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Can I Use My Step-Father’s GI Bill to Go Back to School?

Author Ron Kness is no longer in the service.

Q: Can I attend school using my step father’s GI Bill? I’m unsure of how long he was in the military but I have been considering going back to school. I have being hearing I should be able to go back using his GI Bill and I am also hearing I wouldn’t be able to. Please reply soon, thanks!

A: I’m sorry, but being your step-father is not currently serving, he would not be able to make a transfer of benefits to you. The only GI Bill that has a transfer-of-benefits option is the Post 9/11 GI Bill.

The way Congress wrote the specifics of it, the servicemember has to have served for at least six years, be currently serving at the time a transfer request was made, and agree to serve an additional four years of service (as of August 1st, this rule applies regardless of the number of years already served.) However, if he would have transferred benefits to you while he was still serving, he would still have the right to revoke, reallocate or use those benefits himself even though he is retired.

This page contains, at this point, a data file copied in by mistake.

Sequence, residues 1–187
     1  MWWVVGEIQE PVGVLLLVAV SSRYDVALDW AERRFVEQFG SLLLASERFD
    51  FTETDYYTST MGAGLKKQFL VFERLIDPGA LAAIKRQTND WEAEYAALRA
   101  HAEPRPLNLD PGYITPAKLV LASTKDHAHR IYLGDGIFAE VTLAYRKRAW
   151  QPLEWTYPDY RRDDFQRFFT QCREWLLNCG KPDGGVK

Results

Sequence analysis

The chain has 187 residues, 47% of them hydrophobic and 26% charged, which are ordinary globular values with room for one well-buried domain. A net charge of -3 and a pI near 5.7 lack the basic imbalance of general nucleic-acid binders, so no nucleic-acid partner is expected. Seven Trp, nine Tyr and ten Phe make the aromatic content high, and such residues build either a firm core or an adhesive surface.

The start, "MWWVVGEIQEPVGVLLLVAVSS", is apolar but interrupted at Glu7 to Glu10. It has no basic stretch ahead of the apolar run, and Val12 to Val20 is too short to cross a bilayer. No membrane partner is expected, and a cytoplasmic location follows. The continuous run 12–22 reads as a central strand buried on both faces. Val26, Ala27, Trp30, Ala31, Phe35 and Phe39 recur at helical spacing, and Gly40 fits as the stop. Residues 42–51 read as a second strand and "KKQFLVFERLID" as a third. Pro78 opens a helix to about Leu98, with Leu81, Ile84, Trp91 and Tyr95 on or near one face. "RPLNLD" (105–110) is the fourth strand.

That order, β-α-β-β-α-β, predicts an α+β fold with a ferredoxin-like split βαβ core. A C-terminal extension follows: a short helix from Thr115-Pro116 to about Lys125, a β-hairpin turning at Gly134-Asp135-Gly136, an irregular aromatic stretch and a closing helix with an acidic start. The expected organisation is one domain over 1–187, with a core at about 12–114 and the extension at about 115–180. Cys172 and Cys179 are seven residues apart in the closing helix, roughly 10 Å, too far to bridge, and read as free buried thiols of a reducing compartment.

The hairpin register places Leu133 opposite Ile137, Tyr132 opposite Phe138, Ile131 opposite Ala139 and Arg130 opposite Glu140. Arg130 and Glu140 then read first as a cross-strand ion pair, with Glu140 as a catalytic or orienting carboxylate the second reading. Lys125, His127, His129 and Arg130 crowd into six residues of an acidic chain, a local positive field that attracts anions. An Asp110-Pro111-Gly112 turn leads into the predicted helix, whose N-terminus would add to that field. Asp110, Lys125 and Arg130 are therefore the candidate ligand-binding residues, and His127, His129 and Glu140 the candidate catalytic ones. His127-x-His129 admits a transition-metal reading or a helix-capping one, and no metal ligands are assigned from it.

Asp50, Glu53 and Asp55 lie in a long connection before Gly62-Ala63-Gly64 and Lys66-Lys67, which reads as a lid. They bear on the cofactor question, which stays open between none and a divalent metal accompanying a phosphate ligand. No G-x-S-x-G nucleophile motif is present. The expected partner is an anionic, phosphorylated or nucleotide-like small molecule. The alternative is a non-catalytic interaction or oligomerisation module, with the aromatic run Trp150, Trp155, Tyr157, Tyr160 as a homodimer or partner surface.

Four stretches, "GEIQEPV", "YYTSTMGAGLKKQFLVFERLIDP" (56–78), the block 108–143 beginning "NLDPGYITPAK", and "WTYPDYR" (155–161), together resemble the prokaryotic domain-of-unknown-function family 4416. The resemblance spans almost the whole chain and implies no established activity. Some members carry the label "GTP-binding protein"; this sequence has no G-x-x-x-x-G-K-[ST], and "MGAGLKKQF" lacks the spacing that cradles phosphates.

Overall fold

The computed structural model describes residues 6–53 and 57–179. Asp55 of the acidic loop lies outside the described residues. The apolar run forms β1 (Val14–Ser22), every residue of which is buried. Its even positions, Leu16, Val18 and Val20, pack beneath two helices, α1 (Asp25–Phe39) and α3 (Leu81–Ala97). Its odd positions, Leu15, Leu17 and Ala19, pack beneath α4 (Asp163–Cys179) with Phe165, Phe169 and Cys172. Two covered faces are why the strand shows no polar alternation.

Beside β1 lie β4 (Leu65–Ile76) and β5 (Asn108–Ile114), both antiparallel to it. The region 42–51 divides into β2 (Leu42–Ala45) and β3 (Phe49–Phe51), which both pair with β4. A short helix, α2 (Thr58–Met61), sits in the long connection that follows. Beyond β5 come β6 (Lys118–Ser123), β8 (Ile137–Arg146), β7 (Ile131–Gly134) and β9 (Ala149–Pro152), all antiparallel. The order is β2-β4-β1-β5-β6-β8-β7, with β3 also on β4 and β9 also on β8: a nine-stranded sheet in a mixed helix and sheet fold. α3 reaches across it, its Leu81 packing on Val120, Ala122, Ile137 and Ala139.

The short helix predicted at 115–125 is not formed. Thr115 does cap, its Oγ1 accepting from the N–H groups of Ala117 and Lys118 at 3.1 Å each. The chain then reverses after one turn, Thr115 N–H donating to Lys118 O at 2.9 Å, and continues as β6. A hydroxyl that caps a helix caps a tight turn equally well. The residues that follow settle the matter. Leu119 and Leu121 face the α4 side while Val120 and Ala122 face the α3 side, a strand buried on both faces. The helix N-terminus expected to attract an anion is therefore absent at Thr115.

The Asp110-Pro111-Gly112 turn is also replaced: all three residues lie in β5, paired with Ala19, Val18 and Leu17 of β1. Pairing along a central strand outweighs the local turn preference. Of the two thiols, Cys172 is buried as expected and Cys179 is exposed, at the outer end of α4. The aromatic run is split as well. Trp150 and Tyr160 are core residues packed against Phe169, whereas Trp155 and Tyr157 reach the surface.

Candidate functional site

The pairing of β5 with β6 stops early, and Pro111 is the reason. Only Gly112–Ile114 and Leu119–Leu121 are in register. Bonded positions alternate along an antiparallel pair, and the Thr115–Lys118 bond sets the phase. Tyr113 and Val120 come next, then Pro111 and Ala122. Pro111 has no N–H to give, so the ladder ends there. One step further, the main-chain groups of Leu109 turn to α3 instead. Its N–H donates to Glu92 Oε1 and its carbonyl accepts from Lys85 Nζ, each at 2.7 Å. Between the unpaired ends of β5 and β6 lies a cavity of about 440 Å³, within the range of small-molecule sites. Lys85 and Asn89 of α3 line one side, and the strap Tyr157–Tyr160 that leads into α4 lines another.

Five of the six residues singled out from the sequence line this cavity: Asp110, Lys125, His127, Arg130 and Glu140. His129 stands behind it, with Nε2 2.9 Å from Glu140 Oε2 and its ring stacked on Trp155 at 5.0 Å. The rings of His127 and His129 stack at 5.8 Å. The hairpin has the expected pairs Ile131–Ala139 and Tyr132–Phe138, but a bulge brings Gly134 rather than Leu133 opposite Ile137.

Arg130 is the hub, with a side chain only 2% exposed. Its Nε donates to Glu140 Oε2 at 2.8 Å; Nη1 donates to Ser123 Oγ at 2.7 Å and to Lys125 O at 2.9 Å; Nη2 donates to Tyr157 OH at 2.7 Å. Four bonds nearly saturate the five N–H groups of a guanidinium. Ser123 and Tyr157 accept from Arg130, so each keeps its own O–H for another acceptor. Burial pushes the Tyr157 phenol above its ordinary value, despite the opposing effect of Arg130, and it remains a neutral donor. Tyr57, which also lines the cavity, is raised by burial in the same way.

The other thing you should know about Post 9/11 GI Bill benefits is there is a maximum age in which you have to use up your transferred Post 9/11 GI Bill benefits. So if you are age 26 or older, you would not be able to use transferred benefits even if you had them.

If your step-father has the Montgomery GI Bill, he couldn’t have transferred it either as that GI Bill did not have a transfer option to it.

So even though your step-father isn’t eligible to transfer any of his GI Bill benefits to you, don’t despair. There are many different sources of financial aid available that can help you get through school. Every year, thousands of dollars go unused because nobody applied for the money. Seek out the sources and apply.

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